Review Article

Tele-nuclear medicine

Nathanael Sabbah, Sinclair Wynchank
South African Journal of Radiology | Vol 18, No 1 | a595 | DOI: | © 2014 Nathanael Sabbah, Sinclair Wynchank | This work is licensed under CC Attribution 4.0
Submitted: 05 March 2014 | Published: 04 July 2014

About the author(s)

Nathanael Sabbah, Department of Nuclear Medicine, School of Medicine, Stanford University, United States of America
Sinclair Wynchank, Innovation Centre, Medical Research Council, South Africa; Faculty of Health Sciences, University of Cape Town, South Africa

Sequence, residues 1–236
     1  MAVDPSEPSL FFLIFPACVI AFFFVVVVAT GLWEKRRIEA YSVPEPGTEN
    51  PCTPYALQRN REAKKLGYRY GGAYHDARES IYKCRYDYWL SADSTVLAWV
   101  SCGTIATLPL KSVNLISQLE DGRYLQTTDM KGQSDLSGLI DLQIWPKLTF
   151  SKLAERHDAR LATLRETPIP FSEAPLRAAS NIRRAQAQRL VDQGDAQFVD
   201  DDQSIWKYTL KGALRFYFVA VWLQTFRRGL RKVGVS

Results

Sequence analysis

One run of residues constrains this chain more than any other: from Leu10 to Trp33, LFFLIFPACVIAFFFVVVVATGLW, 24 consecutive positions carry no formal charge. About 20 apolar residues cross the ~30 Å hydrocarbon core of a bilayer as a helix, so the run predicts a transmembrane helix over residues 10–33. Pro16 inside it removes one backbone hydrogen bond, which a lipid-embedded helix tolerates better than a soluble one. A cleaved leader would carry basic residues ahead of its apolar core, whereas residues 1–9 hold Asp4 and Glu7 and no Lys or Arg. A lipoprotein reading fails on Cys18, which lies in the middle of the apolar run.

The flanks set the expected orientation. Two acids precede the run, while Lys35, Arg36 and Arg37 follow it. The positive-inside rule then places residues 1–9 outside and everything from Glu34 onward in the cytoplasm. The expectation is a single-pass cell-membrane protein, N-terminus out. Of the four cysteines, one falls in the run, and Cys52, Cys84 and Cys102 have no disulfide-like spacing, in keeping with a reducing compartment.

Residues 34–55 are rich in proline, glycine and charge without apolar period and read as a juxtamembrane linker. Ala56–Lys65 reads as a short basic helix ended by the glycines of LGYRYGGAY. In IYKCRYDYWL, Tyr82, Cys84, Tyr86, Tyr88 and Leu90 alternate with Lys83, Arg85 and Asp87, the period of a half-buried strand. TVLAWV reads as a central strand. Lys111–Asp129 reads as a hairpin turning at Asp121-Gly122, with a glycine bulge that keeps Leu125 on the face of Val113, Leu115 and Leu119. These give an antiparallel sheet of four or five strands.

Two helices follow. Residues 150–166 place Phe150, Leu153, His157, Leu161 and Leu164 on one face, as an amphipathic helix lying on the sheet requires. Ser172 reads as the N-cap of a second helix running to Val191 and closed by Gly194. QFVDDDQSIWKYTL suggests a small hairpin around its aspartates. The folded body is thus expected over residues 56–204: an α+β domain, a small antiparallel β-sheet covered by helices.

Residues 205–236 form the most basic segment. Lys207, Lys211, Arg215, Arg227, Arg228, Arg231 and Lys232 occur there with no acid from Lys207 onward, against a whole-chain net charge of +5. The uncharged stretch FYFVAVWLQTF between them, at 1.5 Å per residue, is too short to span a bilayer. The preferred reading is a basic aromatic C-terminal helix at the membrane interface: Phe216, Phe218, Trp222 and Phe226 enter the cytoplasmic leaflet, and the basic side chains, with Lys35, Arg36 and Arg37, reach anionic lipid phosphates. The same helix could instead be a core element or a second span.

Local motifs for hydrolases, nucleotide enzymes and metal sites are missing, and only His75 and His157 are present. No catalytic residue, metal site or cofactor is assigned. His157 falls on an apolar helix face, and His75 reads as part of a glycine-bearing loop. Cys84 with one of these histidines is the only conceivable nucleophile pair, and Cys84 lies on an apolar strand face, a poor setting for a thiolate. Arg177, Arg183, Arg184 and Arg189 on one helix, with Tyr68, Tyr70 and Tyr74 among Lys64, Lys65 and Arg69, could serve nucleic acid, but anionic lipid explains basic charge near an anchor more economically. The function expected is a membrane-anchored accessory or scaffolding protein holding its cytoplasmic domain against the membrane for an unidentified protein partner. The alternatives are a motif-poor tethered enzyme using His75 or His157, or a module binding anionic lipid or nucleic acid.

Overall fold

This article presents a description of tele-nuclear medicine and, after outlining its history, a wide, representative range of its applications. Tele-nuclear medicine has benefited greatly from technological progress, which for several decades has provided greater data transfer rates and storage capacity at steadily decreasing cost. Differences in the practice of nuclear medicine between developed and developing countries arise mainly from disparities in their available infrastructure, funding and education levels of personnel involved. Consequently there are different emphases in their tele-nuclear medicine, which are elaborated. It is concluded that tele-nuclear medicine is important for all countries, but the emphasis on its application may differ between developed and developing nations, with an emphasis on distance learning in the latter.


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